"I think it's a fair question,'' he said, "one there isn't an answer to yet, because I don't know. It's something we'll find out as the year goes along. I don't have a good answer for you on that one.
"Any time positions are set already, there's an element of uncertainty. I just have to be ready this year to do what they ask. [Utility] might be what my year is this year. In the future I wouldn't want to see it that way, but sometimes you have to do things that are going to be bigger than yourself. You have to help the club in a role you don't see yourself in.''
In a game in which players often are slotted early in their career, Lowrie refuses to entertain the idea that he might be typecast as a utility player.
"I don't even want to get in that conversation,'' he said, "because I don't see myself as that player. I'm not even going to talk about it.''
Yet he's not unaware that the team's top position prospect also is a shortstop, Jose Iglesias, the gifted Cuban defector in whom the Sox made a significant investment ($8 million over four years) and who the team has on a course that would bring him to the big leagues by 2012, if not sooner.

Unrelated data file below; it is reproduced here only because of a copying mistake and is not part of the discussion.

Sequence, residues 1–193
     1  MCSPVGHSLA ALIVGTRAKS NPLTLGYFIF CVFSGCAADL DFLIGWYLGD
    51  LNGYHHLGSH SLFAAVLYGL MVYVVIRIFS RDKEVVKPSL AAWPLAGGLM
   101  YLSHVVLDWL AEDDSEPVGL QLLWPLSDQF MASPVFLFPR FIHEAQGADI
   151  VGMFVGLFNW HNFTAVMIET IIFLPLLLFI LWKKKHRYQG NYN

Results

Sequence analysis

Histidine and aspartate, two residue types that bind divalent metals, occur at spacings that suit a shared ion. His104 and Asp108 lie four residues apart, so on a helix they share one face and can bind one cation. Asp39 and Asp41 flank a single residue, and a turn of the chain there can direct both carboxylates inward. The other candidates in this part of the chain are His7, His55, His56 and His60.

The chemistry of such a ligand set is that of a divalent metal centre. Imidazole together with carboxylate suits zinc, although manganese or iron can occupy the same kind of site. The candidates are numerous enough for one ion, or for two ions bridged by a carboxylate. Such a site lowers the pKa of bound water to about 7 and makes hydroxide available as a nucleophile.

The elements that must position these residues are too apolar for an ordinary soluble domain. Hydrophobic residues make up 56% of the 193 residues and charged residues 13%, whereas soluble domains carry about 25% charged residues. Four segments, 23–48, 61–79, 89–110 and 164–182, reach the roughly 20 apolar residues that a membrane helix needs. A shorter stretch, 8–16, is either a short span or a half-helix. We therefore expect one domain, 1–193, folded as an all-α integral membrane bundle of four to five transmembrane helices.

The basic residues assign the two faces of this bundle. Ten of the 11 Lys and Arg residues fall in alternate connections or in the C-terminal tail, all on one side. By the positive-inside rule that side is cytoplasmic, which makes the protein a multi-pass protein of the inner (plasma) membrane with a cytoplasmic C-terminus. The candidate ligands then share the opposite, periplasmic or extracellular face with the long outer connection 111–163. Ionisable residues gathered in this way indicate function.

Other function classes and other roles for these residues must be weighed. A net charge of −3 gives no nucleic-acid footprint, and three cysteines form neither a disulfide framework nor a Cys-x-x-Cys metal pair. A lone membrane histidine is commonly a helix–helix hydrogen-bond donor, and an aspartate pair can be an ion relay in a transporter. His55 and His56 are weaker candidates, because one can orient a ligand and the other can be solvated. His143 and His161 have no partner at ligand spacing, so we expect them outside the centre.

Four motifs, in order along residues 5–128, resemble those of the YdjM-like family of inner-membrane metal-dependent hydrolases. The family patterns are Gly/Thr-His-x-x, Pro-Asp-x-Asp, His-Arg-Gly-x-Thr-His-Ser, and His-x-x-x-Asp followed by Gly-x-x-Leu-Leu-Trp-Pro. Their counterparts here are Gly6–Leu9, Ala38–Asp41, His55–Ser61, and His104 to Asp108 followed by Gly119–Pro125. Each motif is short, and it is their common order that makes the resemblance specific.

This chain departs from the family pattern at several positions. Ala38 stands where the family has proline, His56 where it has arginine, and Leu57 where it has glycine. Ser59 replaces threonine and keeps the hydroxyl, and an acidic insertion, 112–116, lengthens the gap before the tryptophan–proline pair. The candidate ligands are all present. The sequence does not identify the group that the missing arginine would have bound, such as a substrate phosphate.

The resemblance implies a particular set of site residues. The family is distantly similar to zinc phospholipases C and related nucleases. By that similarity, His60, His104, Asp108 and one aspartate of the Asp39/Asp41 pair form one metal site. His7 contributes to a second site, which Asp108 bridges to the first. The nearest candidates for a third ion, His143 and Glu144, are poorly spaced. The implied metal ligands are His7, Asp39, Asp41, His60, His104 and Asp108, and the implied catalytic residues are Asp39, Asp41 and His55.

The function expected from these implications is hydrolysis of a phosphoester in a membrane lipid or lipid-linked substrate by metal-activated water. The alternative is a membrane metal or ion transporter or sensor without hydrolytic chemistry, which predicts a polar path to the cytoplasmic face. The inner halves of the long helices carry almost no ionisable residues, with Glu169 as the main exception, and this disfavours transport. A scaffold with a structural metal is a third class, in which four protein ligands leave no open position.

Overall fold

That raises questions about how much of a fair shot at the job Lowrie will get next season.
"I'm going to try not to think about that,'' he said. "At the same time I want to play. It's tough, a rock and a hard place. I want to play. That's really all I can say. I'm going to prepare myself to play every day.''
And Lowrie is healthy for the first time since the spring of 2008. That year, he played most of the season with a fractured left wrist. The 2009 season was lost because the club didn't see the need for surgery, and he sought additional opinions that ultimately led him to have an operation that April. The wrist was still troublesome last spring, though he could play with it.